engines. My dad and I were in our bunks, but we couldn't sleep. Gee, I
wonder why?? Was it too cold to put my wet suit back on?

After about an hour into the crossing my dad and I leave our bunks and
go to the galley. Ramone is driving the boat and talking to his helper.
We can see him in the dim glow of the instruments smoking a cigarette.
Everyone else on the boat is asleep. We all start chatting together
about the trip and especially the weather. Boy, was it nice! The wind
had completely gone and the boat was gently rocking on the waves. It was
going to be a calm and peaceful crossing after all. Thank God! Our
nerves were fried. Especially my dad's. I don't know if I'll ever be
able to get him on another long range Mexican boat.

About midnight the motor starts to make a strange noise. My dad looks
at me quizzically. After a few moments Ramone's ears perk up and he
gets off his captain's chair. Then he mutters something in Spanish to
his helper who opens up the engine room hatch in the floor of the
galley. I am standing right next to the hatch as Ramone climbs down the
ladder. Now that the door is open, the surging sound is obvious. It
sounds like the motor is starving out. My dad is right next to me and we
peer into the engine room. Oh boy, bad move. It looks horrible down
there.

Hello, operator? I'd like to make an emergency phone call to O.S.H.A.

Ramone is down in the engine room and his helper is on the ladder half
way down. I am standing next to the hole in the floor looking into the
engine room and holding the hatch half way open. My dad is standing
right behind me and he comments on the condition of what he sees below.
I agree, it isn't pretty. Ramone then grabs a 6 gallon can of what I
assume to be diesel and begins to pour it into a open hole in the top of
the engine. Why is there an open hole in our engine? My mind asks.

Suddenly the boat lunges to one side as a rogue wave rolls us over.
Ramone is thrown and looses control of the fuel can. He drops it and
fuel spills all over the engine. It immediately bursts into a fireball
that consumes the whole engine room. I stare in complete disbelief. I'm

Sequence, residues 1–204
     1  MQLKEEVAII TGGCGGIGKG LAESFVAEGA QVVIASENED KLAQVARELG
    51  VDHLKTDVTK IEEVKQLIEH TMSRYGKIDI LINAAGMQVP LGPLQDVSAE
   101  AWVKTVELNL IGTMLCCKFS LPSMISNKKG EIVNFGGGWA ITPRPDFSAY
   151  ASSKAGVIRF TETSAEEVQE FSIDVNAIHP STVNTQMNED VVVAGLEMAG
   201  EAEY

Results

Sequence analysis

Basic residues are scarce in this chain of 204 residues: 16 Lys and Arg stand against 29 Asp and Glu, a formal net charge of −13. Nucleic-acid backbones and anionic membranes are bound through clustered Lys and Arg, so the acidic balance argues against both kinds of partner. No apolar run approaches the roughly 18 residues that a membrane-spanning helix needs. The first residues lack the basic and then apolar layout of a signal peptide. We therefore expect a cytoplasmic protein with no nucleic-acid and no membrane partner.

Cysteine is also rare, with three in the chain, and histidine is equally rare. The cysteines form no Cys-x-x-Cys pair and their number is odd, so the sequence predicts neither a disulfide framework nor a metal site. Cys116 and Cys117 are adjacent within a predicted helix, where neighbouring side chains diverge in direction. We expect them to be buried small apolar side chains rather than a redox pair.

stunned. This can't be happening.

Ramone starts screaming in Spanish and his helper explodes out of the
hatch tearing the door out of my hand and ripping it completely off it's
hinges. I just stare at the roaring flames like a deer staring into the
headlights of an on coming car. Many long seconds pass and Ramone is
still screaming in Spanish. His helper runs to the forward living
compartment and disappears out of sight into the forward head. What the
hell is he doing?

Finally he comes running back with a fire extinguisher in his hands. Oh,
now I get it. The fire extinguisher storage is in the bathroom. O.K.
That makes sense. Like maybe in case someone is smoking and catches the
shower curtain on fire.

THEY DON'T HAVE A FIRE EXTINGUISHER IN THE ENGINE ROOM !!!!!!!!!!
Ahhhhhhhhhhhhhhhh!

The kid throws the cylinder down to Ramone. Ramone activates the thing
and starts spraying down the flames with dry chemical. Within 30 seconds
the flames are extinguished and Ramone climbs out of the engine room. He
replaces the hatch [minus hinges] on the floor.

Hey Ramone, what about a re-flash watch?

Then he sits back down on the captain's chair and continues his story
with the kid like nothing even happened. I don't speak much Spanish, but
I swear he started up again in mid-sentence like he went to the toilet
or something.

I was speechless and my dad was mortified. Needless to say my poor dad
stayed up the whole night.

In the morning we told the rest of the divers about the fire and how
they almost died in their sleep. They were not very amused.

We tried to dive Nolasco in the morning but the water was filthy and
green. When we left Nolasco for San Carlos the ocean had gone completely
still and the water looked like stretched Saran Wrap. The 17 miles back
to San Carlos were the best of the trip.

After 4 nearly sleepless nights I was beat. I think I'm still recovering
from that trip.

--
Skipper